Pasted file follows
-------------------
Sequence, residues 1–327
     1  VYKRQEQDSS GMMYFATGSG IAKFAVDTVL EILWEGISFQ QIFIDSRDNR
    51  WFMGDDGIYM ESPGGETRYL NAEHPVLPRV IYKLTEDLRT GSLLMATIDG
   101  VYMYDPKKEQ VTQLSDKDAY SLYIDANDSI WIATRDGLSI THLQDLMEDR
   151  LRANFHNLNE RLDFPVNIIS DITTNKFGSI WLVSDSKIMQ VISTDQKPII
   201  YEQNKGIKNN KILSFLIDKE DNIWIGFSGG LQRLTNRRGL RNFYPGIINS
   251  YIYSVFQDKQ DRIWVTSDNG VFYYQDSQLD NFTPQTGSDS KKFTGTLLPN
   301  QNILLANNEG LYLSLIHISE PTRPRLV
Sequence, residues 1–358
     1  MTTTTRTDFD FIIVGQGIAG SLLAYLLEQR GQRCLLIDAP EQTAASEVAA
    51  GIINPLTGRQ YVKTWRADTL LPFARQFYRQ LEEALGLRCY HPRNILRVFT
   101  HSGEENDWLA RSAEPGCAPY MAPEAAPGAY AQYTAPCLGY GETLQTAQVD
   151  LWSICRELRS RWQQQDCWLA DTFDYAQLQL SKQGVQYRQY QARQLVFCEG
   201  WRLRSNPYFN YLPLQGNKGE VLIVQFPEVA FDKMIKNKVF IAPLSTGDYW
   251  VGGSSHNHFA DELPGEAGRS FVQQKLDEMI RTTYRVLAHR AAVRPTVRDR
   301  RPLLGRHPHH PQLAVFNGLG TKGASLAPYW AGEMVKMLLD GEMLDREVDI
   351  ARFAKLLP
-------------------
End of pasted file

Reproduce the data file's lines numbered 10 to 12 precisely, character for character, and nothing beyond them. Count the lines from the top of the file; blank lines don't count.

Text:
     1  MTTTTRTDFD FIIVGQGIAG SLLAYLLEQR GQRCLLIDAP EQTAASEVAA
    51  GIINPLTGRQ YVKTWRADTL LPFARQFYRQ LEEALGLRCY HPRNILRVFT
   101  HSGEENDWLA RSAEPGCAPY MAPEAAPGAY AQYTAPCLGY GETLQTAQVD